Rich Homie Quan succeeds going ‘Back to Basics’

Rich Homie Quan released his latest mixtape “Back to the Basics” on April 14. Fans have waited since November 2015 for the Atlanta rapper to release a project.

While they will have to continue to wait on Quan’s major label debut album, he has reclaimed some of his fans with this latest release. Quan’s last two mixtapes had fans questioning whether he had switched styles or the direction he was taking his career in. However, the initial reception for “Back to Basics” has been outstanding, and fans have three words: Quan is back.

The fans are right, the entire tape could be described as an ode to the struggle with subsequently deserved boastfulness. Quan symbolically opens the tape with a dedicated “to the grind” song, in which he reminds everyone “And I swear none of this **** I got was handed to me, never forget I still got me a lil’ family to feed, I swear.” 

He then puffs his chest out on “Back End” bragging, “pulled up in something they ain’t never heard of / I ain’t seen no caution tape / but the whole scene, I murder.”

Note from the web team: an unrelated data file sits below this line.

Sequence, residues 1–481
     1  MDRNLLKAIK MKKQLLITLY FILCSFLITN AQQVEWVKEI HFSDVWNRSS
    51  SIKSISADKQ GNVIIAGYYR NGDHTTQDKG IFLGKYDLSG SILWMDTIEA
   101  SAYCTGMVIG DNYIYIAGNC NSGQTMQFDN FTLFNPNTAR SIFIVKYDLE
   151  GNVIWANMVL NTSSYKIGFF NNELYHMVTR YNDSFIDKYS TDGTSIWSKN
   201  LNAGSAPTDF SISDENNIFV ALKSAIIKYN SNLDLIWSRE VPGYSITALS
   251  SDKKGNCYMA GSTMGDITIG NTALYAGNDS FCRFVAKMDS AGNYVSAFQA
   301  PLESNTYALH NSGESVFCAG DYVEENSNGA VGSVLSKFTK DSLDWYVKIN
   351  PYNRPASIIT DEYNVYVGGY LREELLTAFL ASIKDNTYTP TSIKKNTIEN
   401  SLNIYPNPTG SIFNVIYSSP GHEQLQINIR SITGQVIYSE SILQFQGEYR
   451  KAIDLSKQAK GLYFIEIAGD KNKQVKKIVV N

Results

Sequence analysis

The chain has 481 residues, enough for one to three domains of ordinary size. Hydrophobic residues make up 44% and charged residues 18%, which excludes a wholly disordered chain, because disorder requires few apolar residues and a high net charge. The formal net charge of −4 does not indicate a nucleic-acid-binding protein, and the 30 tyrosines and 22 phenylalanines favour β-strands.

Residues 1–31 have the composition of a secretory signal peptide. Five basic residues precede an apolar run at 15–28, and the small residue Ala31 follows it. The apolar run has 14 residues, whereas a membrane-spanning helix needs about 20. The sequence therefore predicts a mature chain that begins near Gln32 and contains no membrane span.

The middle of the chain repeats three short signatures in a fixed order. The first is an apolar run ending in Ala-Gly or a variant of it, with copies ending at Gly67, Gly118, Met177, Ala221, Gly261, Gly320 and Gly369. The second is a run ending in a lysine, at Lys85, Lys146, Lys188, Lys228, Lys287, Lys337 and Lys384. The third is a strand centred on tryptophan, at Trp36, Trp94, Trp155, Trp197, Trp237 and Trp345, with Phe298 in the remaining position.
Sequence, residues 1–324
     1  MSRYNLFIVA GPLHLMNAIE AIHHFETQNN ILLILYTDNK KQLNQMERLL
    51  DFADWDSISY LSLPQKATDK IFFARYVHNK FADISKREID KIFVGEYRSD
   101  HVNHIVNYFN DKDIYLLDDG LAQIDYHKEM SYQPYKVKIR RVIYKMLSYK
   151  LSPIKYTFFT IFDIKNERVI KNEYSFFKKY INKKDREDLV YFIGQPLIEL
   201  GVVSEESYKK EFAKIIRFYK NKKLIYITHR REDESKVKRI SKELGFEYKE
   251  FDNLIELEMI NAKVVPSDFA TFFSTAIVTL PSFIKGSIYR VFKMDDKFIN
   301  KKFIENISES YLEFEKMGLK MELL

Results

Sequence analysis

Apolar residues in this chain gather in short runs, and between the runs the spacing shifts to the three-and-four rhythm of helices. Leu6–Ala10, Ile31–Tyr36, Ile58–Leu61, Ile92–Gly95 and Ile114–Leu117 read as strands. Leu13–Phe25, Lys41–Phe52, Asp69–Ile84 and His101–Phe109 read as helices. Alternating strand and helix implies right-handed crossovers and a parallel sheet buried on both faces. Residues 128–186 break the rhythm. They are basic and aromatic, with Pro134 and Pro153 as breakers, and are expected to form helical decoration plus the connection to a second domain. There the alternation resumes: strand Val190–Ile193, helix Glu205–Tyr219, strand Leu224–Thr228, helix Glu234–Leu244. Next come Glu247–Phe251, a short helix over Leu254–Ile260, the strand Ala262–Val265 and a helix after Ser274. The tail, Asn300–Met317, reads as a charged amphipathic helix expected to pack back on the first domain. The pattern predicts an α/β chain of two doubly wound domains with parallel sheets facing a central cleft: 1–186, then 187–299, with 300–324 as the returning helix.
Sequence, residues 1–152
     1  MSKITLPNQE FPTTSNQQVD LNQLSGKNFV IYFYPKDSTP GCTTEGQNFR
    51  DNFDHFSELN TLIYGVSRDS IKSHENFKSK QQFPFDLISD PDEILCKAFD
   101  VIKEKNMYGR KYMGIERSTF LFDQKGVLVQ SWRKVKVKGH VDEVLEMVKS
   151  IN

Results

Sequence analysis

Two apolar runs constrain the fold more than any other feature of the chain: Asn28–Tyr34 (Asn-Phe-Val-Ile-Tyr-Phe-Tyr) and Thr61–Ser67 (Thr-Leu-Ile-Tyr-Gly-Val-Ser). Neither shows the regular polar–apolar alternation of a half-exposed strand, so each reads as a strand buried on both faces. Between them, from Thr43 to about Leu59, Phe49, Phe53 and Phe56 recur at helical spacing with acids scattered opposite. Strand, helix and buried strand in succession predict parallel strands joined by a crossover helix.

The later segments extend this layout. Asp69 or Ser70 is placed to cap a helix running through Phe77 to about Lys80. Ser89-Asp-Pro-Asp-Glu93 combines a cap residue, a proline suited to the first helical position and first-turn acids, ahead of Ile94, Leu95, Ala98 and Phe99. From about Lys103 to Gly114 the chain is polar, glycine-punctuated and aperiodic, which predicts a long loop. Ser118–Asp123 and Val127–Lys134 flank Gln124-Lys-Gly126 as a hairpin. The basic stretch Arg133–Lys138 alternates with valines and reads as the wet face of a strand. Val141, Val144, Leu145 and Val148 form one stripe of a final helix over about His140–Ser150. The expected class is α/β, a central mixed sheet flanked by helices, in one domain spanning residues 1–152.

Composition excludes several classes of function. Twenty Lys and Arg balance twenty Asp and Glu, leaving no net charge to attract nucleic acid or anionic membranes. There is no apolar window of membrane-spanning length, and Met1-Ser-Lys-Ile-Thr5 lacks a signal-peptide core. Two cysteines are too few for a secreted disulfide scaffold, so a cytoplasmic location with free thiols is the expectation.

For someone like Quan who relies on the delivery of smooth, boastful punchlines, comes consistently with many more hits than misses, is a huge success.

Quan put his story telling on full display in the Zaytoven produced “Da Streetz.” He details just how early he was exposed to the street life, “17 was worse / felt like I ain’t had no purpose / at 18 was working / at 18 was lurking.” He reminisces on doing whatever he had to for his children. “So they ain’t gotta go through what I used to do when I was breaking in houses / I was trying to make a better life for them / and I succeeded at that.”

Quan shows gratefulness with tracks like “Lord Forgive Me” with bars like, “I don’t stand in traps I no longer supervise / I thank God every night before I close my eyes.”

Quan truly sticks to his ATL roots and influences from other rappers, such as frequent collaborator Young Thug,which is apparent. His southern drawl combined with his muddled delivery are hilariously reflected in Apple Music’s attempt to interpret some of the lyrics. He never misses a chance to remind everyone just how hard he is flexing.

“Hardtop, windows down we riding around / them pistols out / act stuck up cause I’m the **** / you know my *** they kissin’ now, they ain’t seen a real ***** in a minute heard it’s a drought.”

In an interview with XXL magazine’s Sidney Madden, Rich Homie Quan said, “I decided to name it ‘Back to the Basics’ because it’s like going back to the genre that I started with and just giving the fans the Quan they want as opposed to the Quan I wanted to be.”

If this was the goal, it is safe to say he has succeeded. His fanbase’s initial response has been nothing but positive.

It is not groundbreaking, re-inventive hip-hop by any means, but that is not something you would expect from Rich Homie Quan in the first place.